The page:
Syria market atrocity shows brokers unconcerned with attacks

BEIRUT — One day after a ferocious attack on a market in northern Syria killed more than 60 people, the collective silence from the three architects of an agreement to ease the fighting in Syria has raised serious questions about their commitment to protect civilians caught in the crossfire of the country’s devastating civil war.

Turkey, Russia and Iran are the guarantors of an agreement meant to freeze the lines of conflict in Syria and protect against the sort of horror that befell market-goers in the town of Atareb on Monday.

“It doesn’t seem to matter if we are bombed or not,” said Fayyad Akoush, 26, who escaped from a grocery that was damaged by the attack.

There were at least three airstrikes on the market, which destroyed one building and damaged several others, according to witnesses and the Britain-based Syrian Observatory for Human Rights monitoring group. Shoppers were crushed under the rubble or blown apart by the blasts, their limbs torn from their bodies or their heads crushed.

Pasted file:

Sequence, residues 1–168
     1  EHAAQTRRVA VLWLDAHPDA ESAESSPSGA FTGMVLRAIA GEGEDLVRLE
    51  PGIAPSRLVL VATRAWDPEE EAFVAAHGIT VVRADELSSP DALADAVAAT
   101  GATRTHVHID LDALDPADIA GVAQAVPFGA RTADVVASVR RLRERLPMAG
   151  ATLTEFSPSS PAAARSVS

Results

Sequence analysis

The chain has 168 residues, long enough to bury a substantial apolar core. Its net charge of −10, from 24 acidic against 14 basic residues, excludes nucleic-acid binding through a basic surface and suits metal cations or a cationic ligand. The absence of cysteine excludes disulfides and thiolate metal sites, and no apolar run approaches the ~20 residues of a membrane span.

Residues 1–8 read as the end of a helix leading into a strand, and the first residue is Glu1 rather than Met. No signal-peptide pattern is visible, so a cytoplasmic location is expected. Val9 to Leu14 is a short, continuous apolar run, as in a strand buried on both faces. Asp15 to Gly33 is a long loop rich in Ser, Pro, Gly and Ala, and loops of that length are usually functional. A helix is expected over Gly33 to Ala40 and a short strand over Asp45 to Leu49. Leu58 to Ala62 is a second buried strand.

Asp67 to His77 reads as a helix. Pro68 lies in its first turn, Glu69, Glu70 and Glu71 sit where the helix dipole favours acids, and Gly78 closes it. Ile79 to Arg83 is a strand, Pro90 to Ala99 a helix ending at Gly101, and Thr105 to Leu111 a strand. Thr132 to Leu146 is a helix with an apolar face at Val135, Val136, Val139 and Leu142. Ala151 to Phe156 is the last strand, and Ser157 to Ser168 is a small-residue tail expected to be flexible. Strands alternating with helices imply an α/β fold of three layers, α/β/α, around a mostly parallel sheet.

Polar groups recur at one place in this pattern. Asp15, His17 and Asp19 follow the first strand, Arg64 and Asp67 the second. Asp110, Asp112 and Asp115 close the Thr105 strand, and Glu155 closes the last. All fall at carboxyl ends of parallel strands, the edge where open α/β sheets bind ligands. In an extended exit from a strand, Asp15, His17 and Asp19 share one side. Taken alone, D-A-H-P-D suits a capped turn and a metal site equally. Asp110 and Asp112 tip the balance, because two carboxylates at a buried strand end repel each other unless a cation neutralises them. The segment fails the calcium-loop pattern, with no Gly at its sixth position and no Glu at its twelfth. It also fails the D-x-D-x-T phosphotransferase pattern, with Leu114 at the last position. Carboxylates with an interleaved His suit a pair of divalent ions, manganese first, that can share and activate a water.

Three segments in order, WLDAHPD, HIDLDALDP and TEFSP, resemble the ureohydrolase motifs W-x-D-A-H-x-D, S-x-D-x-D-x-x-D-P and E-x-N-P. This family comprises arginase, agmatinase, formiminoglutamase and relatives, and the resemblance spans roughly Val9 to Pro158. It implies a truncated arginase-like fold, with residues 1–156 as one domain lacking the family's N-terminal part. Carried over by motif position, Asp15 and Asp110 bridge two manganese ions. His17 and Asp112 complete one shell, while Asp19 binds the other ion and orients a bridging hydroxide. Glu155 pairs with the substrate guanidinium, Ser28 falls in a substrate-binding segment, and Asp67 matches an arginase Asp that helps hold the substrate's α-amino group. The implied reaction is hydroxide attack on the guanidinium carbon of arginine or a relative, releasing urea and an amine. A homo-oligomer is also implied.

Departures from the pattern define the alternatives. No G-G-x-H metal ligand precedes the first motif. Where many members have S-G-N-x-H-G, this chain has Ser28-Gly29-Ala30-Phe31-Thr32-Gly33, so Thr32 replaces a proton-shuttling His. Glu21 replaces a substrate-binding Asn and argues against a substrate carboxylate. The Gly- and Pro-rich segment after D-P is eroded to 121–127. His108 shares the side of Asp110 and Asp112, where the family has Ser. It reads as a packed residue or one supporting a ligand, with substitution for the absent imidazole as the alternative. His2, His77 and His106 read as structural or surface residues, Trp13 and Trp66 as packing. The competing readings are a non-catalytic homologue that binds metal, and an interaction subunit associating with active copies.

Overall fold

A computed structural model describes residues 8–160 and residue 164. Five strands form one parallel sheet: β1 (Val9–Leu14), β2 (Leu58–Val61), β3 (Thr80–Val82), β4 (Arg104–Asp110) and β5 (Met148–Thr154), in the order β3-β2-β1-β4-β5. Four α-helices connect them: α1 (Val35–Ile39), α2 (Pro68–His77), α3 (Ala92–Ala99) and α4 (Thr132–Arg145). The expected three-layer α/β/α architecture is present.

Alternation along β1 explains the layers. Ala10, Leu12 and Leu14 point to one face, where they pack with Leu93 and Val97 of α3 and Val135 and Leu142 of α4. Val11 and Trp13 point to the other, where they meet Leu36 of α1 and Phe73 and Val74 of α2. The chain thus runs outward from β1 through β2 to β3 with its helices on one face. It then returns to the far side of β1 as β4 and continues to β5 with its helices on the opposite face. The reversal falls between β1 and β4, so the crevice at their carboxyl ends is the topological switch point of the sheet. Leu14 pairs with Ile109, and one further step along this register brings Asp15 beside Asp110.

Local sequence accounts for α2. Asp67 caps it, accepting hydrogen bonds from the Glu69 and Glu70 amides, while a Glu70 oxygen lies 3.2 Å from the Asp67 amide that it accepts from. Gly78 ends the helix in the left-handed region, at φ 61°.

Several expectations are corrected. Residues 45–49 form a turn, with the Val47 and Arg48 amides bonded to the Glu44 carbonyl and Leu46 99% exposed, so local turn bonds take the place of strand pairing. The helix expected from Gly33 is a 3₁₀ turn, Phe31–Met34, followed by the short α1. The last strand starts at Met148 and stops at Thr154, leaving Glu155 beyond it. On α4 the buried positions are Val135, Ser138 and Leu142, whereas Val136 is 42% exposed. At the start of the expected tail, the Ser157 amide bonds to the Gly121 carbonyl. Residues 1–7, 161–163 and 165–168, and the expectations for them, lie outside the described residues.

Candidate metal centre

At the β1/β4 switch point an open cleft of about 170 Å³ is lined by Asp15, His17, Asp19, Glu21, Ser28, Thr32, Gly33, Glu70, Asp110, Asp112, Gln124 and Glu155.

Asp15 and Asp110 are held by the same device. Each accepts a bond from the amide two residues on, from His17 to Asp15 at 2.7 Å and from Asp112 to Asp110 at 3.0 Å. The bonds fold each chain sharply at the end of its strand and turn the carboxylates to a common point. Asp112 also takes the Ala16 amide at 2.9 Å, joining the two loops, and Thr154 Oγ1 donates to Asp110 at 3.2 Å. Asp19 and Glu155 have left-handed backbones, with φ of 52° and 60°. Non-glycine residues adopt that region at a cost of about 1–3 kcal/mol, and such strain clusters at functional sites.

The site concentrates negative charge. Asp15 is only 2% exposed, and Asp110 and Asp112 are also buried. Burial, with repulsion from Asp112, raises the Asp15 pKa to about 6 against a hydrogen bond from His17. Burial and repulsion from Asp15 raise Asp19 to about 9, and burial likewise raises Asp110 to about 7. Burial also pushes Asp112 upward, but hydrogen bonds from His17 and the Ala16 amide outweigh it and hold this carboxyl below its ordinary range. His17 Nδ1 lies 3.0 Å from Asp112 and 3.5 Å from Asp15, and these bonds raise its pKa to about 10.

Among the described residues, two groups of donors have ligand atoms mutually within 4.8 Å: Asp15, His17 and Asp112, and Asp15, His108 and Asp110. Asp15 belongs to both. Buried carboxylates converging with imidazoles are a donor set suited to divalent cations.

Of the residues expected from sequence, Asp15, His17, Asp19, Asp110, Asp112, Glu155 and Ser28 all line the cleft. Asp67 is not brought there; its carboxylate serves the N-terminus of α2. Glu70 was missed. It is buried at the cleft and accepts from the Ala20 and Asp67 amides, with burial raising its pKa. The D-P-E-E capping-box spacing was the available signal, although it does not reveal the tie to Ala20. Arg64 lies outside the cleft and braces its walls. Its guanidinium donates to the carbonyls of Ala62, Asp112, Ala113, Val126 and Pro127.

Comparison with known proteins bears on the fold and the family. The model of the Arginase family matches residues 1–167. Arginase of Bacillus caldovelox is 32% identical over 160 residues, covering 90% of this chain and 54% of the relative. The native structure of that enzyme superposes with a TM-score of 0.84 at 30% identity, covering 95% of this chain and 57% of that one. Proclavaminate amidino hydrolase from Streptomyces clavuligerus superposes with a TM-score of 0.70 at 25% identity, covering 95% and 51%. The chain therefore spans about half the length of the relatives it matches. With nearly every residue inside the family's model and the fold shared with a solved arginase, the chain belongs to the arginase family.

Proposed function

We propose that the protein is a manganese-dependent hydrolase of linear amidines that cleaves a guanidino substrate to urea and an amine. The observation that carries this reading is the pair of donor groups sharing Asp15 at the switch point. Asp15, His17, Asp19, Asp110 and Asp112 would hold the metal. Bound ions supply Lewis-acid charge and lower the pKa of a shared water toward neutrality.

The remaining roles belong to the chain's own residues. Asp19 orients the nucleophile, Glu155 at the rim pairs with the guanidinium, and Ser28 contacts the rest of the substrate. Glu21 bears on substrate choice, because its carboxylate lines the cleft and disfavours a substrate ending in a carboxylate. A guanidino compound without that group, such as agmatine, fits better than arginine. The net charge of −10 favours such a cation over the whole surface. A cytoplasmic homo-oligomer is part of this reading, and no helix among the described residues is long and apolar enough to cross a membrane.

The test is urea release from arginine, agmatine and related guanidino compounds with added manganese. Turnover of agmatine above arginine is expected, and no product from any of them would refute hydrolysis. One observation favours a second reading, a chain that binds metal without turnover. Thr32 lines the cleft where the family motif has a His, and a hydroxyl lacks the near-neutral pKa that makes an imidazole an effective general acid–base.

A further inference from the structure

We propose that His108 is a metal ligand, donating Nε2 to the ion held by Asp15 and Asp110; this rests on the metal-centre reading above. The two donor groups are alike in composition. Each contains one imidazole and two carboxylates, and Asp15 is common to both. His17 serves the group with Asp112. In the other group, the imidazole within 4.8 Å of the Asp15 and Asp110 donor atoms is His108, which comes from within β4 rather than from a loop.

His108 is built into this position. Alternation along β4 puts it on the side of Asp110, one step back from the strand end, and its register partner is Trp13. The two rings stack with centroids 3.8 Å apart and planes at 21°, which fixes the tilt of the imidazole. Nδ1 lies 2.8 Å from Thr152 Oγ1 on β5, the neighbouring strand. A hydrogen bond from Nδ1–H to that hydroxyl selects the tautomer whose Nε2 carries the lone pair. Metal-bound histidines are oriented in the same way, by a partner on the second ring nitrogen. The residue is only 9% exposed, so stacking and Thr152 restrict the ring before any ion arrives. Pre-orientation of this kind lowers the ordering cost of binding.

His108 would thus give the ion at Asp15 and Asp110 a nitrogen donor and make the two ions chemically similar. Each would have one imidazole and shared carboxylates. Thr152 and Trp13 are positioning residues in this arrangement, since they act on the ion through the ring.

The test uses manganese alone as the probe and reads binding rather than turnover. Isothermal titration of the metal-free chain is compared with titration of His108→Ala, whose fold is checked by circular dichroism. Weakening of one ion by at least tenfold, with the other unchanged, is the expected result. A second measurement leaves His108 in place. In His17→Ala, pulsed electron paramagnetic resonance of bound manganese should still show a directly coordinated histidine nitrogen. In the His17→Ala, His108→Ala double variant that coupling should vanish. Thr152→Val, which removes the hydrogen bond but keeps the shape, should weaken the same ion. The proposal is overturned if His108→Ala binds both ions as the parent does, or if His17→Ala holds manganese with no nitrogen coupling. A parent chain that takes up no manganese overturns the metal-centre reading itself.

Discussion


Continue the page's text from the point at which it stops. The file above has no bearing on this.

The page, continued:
The Syrian Civil Defense search-and-rescue volunteers, known as the White Helmets, told The Associated Press they had given up hope of finding more survivors and were still digging for bodies of the missing more than 24 hours after the attack. They said at least 61 people were killed.

“You can see the body fragments in the rubble,” said Yasser Hmeish, a medical technician who was filming rescue efforts at the scene.

It is not — and may never be — fully known who was behind the attack, though residents and the opposition Syrian National Coalition have accused Russia, a chief military backer of Syrian President Bashar Assad. Syrians are used to identifying planes by their shape, flight patterns and weapons, though Assad’s forces also fly Russian jets. The Syrian Observatory for Human Rights said it couldn’t determine whether Russia or the Syrian government was behind the attack.

A Russian connection would not be any surprise, despite Moscow’s signing of the agreement that was supposed to put an end to a strategy of collective punishment through sieges and bombardment that has left at least 400,000 people dead and displaced 11 million — half of Syria’s pre-war population — during the seven-year civil war.

Since May, when representatives of Russia, Turkey and Iran signed a document of principles in the Kazakh capital of Astana laying out four zones of protection, the Russian air force has been implicated in numerous attacks that have terrorized…

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